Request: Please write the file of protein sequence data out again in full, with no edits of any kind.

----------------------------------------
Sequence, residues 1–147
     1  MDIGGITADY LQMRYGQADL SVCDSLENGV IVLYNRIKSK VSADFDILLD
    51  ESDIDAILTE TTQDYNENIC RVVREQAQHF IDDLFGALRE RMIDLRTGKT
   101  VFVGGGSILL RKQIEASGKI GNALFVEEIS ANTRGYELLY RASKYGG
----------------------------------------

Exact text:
Sequence, residues 1–147
     1  MDIGGITADY LQMRYGQADL SVCDSLENGV IVLYNRIKSK VSADFDILLD
    51  ESDIDAILTE TTQDYNENIC RVVREQAQHF IDDLFGALRE RMIDLRTGKT
   101  VFVGGGSILL RKQIEASGKI GNALFVEEIS ANTRGYELLY RASKYGG